Welcome, Kristen. Tell us how much of yourself you write into your characters.
I’m not sure I’ve been asked this question before! After some thought, I’d say maybe twenty percent of parts of my personality make it into my heroine’s character traits. Eva, from my first Moanna Island Book,
is an English teacher who loves to read. Ryan, from Time and Tide, uses her
morning jogs to pray and chat with God. Addie, from the third book in the
series, is the oldest in her family and leans heavily on the bossy side, liking
to be in control of everything going on in her world. I guess some of my good
and some bad traits make their way into my stories. Safe Harbor
What is the quirkiest thing you have ever done?
I drink everything with a straw, including my coffee. Someone told me once that it helps keep stains away on your teeth, and I guess I really took that advice to heart!
When did you first discover that you were a writer?
I wrote stories and made up characters in my head as a child, but it wasn’t until my children’s ministry job I discovered there were stories inside me that God could use to draw people to Him. I led (and still do once a month) the kids’ ministry on “stage,” teaching and helping the Bible stories come to life. During this time, I also had a friend say I needed to write down a particular story flowing in my head. It was then, being open enough to hear, that I felt Him tell me I was a good storyteller. I decided to spend time writing and learning, and eventually, I had a publisher for my romances.
Tell us the range of the kinds of books you enjoy reading.
I enjoy contemporary romances the most. I almost always limit myself to Christian or Inspirational ones. I also love a good women’s fiction or historical novel. I used to read a ton of thrillers or mysteries, and I still like them, but it’s hard for me to find ones where the concept intrigues, yet the language and circumstances don’t turn me off.
How do you keep your sanity in our run, run, run world?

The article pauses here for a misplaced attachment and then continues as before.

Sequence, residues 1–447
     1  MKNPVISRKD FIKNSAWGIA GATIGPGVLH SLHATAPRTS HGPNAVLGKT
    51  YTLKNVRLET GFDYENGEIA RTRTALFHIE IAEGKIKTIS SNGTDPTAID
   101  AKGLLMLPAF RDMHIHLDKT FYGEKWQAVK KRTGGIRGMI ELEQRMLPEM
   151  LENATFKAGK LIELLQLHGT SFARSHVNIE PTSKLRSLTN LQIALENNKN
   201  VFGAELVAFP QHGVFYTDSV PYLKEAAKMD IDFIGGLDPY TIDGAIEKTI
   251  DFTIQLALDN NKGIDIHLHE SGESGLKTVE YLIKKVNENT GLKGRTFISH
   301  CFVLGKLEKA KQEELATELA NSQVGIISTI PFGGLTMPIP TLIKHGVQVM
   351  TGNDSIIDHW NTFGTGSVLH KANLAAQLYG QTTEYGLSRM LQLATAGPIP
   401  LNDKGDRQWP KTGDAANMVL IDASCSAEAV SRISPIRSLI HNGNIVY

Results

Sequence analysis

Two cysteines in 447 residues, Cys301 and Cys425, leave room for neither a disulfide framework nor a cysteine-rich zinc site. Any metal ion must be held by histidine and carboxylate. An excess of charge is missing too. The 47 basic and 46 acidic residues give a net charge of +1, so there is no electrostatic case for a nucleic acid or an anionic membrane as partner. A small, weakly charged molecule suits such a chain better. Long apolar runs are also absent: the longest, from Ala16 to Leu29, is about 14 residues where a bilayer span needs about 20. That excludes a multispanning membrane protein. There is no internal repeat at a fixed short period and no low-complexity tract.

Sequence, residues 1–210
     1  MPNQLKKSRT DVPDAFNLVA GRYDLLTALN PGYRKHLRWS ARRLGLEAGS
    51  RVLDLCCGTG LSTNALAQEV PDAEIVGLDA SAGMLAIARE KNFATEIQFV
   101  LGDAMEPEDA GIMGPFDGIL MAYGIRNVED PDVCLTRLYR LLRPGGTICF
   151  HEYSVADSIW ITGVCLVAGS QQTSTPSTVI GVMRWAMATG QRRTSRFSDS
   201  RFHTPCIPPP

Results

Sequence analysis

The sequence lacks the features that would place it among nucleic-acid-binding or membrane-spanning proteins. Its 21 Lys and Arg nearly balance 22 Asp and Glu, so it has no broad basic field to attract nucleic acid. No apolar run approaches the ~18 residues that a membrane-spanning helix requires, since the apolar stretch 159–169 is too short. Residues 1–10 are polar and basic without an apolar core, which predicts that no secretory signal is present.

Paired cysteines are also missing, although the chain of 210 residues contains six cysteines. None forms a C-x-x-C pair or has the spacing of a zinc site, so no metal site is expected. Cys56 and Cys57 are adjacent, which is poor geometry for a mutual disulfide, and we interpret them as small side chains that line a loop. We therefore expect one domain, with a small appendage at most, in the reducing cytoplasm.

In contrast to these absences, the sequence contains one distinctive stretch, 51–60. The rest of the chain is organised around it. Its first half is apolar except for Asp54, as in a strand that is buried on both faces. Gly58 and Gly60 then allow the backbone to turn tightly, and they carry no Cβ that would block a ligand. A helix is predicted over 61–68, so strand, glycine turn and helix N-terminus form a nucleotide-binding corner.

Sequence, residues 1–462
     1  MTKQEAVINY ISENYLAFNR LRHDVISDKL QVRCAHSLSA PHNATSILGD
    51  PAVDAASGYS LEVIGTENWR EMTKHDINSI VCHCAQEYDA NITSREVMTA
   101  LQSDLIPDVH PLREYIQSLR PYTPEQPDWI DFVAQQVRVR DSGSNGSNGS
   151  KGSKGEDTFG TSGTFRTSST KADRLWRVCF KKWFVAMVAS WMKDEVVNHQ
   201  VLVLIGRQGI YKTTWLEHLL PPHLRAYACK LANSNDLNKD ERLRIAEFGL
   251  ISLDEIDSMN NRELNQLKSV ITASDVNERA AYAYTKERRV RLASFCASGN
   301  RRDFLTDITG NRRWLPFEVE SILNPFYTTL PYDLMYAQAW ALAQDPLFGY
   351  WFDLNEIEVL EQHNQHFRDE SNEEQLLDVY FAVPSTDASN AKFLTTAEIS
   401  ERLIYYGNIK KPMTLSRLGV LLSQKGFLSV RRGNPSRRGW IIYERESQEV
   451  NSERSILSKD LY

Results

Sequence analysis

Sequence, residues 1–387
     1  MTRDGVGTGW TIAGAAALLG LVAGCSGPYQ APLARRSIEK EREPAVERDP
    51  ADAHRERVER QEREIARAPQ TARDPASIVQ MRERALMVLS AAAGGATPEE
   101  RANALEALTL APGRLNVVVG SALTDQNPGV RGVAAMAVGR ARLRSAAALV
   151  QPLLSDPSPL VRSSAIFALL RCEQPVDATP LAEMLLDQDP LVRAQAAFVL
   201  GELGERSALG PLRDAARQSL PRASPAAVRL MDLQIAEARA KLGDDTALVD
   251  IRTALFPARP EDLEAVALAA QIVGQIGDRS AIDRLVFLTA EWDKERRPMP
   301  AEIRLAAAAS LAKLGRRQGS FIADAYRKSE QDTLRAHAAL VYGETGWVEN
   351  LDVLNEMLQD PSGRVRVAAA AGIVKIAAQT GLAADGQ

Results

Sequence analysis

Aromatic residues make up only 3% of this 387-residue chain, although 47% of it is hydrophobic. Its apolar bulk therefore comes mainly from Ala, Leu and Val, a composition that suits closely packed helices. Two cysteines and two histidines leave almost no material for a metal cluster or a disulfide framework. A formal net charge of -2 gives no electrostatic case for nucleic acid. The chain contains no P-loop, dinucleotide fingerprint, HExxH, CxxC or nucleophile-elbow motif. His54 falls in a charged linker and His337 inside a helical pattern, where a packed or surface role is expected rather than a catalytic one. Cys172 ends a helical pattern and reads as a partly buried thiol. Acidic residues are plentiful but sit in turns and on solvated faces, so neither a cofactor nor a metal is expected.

I definitely need my alone time, and during the school year, I get it during the week. I’m able to stay home and write while the kids are at school and the Hubs is working. I make effort to give them my time when they get home, but that’s when life gets crazy! I’m basically a taxi every evening to the kids’ practices, so keeping my day free seems to work in helping me stay sane.
When my daughters were in that period when their activities multiplied and they still couldn’t drive, this was a popular bumper sticker: “If woman’s place is in the home, why am I always in my car?” How do you choose your characters’ names?
I actually look up meanings for every single main character, and I put a ton of thought into this decision. In each book, the reason for their names is revealed in a special way.
The heroine in the story I’m writing now is named Addie, which means noble. Noble means having or showing fine personal qualities or high moral principles and ideals. Addie absolutely portrays these character traits. She’s a gem. J
What is the accomplishment that you are most proud of?
We aren’t perfect and drive each other crazy, but my husband and I have a strong marriage. I don’t necessarily think anyone who met us in college would have ever guessed that we’d still be going strong after eighteen plus years together. And when you add in the fact that both of us had divorced parents, it seems even more like an accomplishment that we’ve survived so long.
In many ways, we became adults together and instead of growing apart, grew closer. We also added God into our relationship many moons ago, and both have the same desire to grow stronger in our relationship with Him. Each day is different and challenging, but we’re always on the same page by the end of it, and that’s something I’m proud of.
James and I married 3 months and 3 days after we met on a blind date. Many people said it wouldn’t last, but we celebrated our 53 anniversary in November. If you were an animal, which one would you be, and why?